With mutual fund A shares, the price an investor pays is referred to as:
 
A. NAV
B. POP
C. ROA
D. LOI
 
Answer: B. Mutual fund A shares typically charge a front-end sales charge, also called a load, which is a percentage of the investment in the mutual fund. The front-end sales charge or load is included in the price per share an investor pays. The current share price of a mutual fund is referred to as the net asset value, or NAV. The share price including any sales charge is referred to as the public offering price, or POP. For example, a fund with a NAV of $15 and a 5% front-end load has a POP of $15.79. That is calculated by dividing the $15 NAV by .95 (1 minus the 5% load). ROA refers to rights of accumulation and LOI refers to letter of intent. Both ROA and LOI are ways investors can get a volume discount on the price of load mutual fund shares.

February Study Question of the Month

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Question

 

 

 

 

 

 

Spock is an adviser who takes great pride in his use of logic when making investment recommendations.  Which of the following investment vehicles would he be least likely to recommend for a client’s IRA?
 
A. Corporate bonds
B. Growth stocks
C. Municipal bonds
D. REITs
 
Answer: C. Having municipals in an IRA is allowed, but it would not be the most logical investment choice.  That is because the tax advantage associated with municipal bonds is wasted in a tax-deferred account like an IRA.

January Study Question of the Month

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Submit your answer to info@solomonexamprep.com to be entered to win a $10 Starbucks gift card.

Question

Relevant to the Series 7.

 

 

 

 

 

Cassie gives her nephew Frank 10 shares of Hathshire Berkaway as a college graduation present. Cassie purchased the shares five years ago at $1,000, and their fair market value is $1,500 at the time of the gift. Frank holds the shares for one year, then sells them at $2,000. What is Frank’s cost basis and holding period?
 
A. $10,000; one year
B. $10,000; six years
C. $15,000; one year
D. $15,000; six years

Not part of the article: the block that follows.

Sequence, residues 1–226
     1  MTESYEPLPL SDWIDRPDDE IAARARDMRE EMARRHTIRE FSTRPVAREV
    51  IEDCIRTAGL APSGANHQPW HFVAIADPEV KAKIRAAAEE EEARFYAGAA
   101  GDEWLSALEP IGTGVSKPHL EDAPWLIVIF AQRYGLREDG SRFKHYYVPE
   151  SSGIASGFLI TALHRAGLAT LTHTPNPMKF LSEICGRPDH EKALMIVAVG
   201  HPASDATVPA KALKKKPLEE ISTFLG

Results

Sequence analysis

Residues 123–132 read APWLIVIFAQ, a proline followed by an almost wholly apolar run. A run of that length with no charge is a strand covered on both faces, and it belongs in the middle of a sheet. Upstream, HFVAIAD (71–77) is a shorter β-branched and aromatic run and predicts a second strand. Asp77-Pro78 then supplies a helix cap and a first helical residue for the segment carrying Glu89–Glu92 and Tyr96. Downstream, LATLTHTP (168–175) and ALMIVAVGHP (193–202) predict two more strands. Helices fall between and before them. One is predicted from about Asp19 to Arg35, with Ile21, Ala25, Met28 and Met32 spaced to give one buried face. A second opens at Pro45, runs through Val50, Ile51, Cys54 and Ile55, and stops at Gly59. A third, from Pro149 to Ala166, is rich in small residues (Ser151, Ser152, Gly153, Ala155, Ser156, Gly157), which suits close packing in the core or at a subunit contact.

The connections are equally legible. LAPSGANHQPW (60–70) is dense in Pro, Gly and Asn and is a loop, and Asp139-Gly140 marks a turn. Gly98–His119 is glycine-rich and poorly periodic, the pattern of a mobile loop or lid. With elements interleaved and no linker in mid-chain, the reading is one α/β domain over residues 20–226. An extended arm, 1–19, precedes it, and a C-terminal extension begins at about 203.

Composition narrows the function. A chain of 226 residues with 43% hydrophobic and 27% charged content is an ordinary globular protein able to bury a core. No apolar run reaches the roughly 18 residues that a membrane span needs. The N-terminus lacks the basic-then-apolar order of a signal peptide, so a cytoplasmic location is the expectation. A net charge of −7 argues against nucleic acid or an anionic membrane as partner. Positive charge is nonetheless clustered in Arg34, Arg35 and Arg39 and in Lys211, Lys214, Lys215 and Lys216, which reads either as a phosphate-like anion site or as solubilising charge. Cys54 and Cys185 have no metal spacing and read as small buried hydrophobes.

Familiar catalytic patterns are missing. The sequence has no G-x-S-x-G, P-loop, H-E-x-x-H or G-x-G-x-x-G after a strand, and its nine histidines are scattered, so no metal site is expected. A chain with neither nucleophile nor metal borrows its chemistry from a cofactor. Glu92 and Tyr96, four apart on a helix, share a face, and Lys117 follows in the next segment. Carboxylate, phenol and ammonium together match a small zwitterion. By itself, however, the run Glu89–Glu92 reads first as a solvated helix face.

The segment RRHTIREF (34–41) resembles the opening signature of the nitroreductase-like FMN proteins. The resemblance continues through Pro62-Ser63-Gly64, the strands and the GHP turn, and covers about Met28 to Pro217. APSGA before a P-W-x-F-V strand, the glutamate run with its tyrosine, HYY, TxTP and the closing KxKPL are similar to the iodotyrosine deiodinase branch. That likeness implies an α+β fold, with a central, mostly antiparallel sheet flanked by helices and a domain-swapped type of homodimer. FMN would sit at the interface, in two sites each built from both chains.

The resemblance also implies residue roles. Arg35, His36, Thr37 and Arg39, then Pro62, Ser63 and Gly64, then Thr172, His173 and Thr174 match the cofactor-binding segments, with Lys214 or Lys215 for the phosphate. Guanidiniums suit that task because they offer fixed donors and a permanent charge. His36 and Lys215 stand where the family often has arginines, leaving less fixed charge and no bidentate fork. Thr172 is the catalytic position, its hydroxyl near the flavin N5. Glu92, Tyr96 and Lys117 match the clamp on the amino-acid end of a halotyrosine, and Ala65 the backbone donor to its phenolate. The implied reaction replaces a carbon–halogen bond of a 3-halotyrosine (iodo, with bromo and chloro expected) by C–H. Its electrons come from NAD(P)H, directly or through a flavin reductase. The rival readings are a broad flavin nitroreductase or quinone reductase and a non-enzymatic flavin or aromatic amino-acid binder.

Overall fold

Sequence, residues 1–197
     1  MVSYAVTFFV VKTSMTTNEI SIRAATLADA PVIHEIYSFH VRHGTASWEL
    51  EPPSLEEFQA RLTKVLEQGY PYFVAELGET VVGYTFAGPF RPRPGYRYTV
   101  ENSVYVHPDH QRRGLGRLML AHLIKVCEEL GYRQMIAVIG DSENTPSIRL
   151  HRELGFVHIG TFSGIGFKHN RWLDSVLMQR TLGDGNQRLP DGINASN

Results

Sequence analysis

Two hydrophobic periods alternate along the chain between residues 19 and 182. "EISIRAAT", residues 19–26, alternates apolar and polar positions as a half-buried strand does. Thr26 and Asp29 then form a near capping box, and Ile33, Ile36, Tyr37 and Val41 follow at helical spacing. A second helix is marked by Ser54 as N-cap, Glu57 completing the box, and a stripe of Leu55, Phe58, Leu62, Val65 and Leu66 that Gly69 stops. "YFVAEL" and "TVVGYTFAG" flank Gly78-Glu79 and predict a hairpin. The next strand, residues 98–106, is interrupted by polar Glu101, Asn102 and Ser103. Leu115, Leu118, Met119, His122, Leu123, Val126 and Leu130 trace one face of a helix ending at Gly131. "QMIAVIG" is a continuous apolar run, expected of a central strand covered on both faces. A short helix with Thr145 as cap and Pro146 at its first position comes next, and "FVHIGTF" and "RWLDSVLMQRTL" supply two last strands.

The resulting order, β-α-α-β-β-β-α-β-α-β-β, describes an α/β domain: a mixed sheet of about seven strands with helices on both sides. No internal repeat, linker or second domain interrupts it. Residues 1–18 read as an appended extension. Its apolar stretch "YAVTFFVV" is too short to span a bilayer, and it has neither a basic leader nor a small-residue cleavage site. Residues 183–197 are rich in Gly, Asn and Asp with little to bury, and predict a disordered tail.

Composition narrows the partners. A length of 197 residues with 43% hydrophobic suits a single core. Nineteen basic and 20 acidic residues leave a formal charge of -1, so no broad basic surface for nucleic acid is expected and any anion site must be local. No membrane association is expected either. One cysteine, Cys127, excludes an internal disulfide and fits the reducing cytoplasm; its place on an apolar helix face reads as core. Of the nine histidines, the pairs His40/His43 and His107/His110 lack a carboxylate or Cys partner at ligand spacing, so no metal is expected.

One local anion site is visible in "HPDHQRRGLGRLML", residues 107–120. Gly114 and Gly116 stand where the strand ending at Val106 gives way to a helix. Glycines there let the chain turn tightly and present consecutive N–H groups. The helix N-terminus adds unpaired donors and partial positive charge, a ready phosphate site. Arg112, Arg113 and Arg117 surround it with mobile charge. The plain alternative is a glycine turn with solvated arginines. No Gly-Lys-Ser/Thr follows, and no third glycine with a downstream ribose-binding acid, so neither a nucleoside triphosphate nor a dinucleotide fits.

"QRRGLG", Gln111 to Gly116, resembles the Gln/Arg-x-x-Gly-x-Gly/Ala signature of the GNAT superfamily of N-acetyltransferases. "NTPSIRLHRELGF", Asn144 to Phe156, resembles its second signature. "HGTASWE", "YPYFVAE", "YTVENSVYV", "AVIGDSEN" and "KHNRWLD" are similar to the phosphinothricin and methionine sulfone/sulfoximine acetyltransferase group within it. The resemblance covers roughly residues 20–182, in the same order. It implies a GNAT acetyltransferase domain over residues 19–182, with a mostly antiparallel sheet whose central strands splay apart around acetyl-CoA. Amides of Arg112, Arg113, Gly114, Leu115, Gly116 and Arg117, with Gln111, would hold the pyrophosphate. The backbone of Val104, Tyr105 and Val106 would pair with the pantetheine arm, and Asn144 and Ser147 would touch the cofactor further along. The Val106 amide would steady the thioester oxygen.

Answer: B. When someone gives securities as a gift to another individual, the recipient’s cost basis is the lower of (1) the giver’s cost basis or (2) the fair market value at the time of the gift. So Frank’s cost basis is Cassie’s purchase price of $10,000 ($1,000 x 10 shares). The giver’s holding period will correspond to cost basis. So Frank’s holding period starts from the date of Cassie’s purchase, six years before Frank sells the shares.

December Study Question of the Month

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Question

Relevant to the SIE.

Henry buys shares of ABC in an initial public offering.  Two months later he sells the shares to James.  Two months later James sells the shares to Carrie. Which of the following is true?
 
A. Henry’s sale to James is a primary market transaction, while James’s sale to Carrie is a secondary market transaction
B. Both Henry’s sale to James and James’s sale to Carrie are primary market transactions
C. Henry’s sale to James is a primary market transaction, while James’s sale to Carrie is a follow-on offering

D. Both Henry’s sale to James and James’s sale to Carrie are secondary market transactions

Answer: D. When an investor buys shares in an IPO from the issuer, the purchase is a primary market transaction.  After that, whenever sales of the security are traded from investor to investor, and not from the issuer to an investor, the sales take place in the secondary market.  Thus, while Henry’s initial purchase is a primary market transaction, his sale to James and then James’ sale to Carrie are both secondary market transactions.

November Study Question of the Month

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Submit your answer to info@solomonexamprep.com to be entered to win a $10 Starbucks gift card.

Question

Relevant to the Series 50Series 51, Series 52, and Series 53.

 

 

 

 

 

A municipal finance professional decides to donate his time to a municipal official’s campaign. He donates his time outside of work hours. Which of the following is true?
 
A. This would not be considered a contribution under G-37, and would not need to be disclosed and would not trigger the ban
B. This is considered a contribution that will need to be reported and may trigger the ban
C. This will need to be disclosed by the dealer, but it would not trigger the ban

D. This is considered a contribution that may trigger the ban, but will not need to be reported

Answer: A. An employee of a dealer generally can donate his or her time to a municipal official’s campaign without it being considered a contribution to the official, as long as the employee is volunteering his or her time during non-work hours, or is using previously accrued vacation time or the dealer is not otherwise paying the employee’s salary (e.g., an unpaid leave of absence). Because the volunteering takes place outside of work hours, it would not be considered a contribution and will not trigger the ban or need to be disclosed.